The objective of the Anesthesia Training Program in Biomedical Science is to train leaders in academic anesthesia. To accomplish this goal additional training beyond an MD or PhD is required. This training program provides the essential guidance, training, and mentoring critical to increase the success of these trainees in launching their careers in academic anesthesia research. Trainees must learn to pose important and well thought out questions, to think critically, and to use cutting edge interdisciplinary tools to answer these questions. Success also requires the development of skills in presentation of results in oral and written format, in preparation of competitive grant proposals, and in the ability to engage in collaboration when this will more effectively advance the research. The training program starts by recruiting the most talented trainees from MD/PhD. MD and PhD applicants interested in pursuing a career in anesthesia research and academic anesthesia. Trainees then have a primary research mentor and a secondary mentor to closely monitor their progress. Close interaction with accomplished faculty is essential to master these skills, and this is the core of the training program, which is then supplemented by didactic material, and in the case of clinical research may be supplemented by a master degree in epidemiology or health science research. Administratively the program consists of a director, steering committee and a group of 20 highly skilled and successful training faculty from the anesthesia department, from 8 other departments within the medical school from engineering. There are already established interactions between many of the faculty members. The mission of the program is teaching trainees new technologies and approaches to anesthesia research. The faculty is divided into three overarching areas: 1) Omics: a systems approach to disease, 2) lnflammation, Signaling and Tissue Injury, and 3) Mechanisms of Anesthesia and Addiction. Some faculty participate in more than one area. We request two slots the first year and four slots per year thereafter, with each trainee supported for two years.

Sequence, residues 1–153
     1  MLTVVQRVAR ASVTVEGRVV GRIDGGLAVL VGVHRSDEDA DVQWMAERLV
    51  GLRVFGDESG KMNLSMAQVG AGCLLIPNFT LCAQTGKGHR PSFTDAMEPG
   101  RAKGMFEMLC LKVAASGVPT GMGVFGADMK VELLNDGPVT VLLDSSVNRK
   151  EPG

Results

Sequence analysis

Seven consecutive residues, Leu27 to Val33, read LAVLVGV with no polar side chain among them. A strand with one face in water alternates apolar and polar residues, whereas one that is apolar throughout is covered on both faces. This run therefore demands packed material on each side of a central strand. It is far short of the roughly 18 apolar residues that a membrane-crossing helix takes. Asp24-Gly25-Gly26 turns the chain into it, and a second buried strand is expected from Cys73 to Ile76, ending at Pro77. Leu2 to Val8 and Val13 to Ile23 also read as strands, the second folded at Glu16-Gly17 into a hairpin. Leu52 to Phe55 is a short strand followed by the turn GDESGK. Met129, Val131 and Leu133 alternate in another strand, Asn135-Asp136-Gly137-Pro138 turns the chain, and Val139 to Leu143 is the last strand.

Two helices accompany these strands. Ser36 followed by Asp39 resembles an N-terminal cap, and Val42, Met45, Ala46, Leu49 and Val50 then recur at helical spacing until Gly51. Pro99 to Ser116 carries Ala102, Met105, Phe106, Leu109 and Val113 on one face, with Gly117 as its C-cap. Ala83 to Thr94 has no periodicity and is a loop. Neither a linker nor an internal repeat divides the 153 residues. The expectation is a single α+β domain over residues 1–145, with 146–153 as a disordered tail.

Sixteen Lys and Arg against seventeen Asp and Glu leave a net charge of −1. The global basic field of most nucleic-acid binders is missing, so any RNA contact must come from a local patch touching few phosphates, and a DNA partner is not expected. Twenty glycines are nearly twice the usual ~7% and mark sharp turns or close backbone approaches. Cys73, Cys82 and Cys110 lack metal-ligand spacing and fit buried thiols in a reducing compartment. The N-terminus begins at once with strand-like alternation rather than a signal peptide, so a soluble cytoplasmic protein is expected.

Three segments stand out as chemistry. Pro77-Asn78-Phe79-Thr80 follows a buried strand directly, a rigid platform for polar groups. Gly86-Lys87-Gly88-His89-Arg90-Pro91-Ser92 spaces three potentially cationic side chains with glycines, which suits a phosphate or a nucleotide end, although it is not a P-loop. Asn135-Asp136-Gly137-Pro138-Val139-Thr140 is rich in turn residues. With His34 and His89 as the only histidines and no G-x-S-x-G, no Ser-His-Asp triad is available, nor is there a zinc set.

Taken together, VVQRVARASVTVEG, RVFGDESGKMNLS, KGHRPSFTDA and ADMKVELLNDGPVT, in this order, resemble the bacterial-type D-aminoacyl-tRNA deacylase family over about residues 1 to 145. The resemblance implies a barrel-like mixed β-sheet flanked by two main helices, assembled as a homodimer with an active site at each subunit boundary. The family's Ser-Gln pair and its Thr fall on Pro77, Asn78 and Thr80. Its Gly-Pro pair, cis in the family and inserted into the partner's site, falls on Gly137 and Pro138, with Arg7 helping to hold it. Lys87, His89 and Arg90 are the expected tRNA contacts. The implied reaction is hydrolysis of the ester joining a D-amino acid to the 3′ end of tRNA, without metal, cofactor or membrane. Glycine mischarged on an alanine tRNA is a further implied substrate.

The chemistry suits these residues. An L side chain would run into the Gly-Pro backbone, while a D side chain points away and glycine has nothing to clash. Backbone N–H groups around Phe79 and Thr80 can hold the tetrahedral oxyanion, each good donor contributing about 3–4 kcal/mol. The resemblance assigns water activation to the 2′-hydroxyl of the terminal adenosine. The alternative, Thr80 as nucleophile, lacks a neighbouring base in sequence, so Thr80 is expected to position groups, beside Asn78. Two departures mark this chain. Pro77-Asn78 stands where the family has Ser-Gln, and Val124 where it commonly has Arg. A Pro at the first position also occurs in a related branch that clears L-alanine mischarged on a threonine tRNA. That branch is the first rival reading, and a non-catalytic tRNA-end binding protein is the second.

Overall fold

Anesthesiologists take care of patients in many settings, including the operating room, the intensive care unit, the pain clinic and the preoperative clinic. In all of these settings they have the opportunity to improve patient care and improve patient outcome. To continue to lead the way in improving outcomes in the perioperative period requires highly trained and skilled practitioners dedicated to research in anesthesia.
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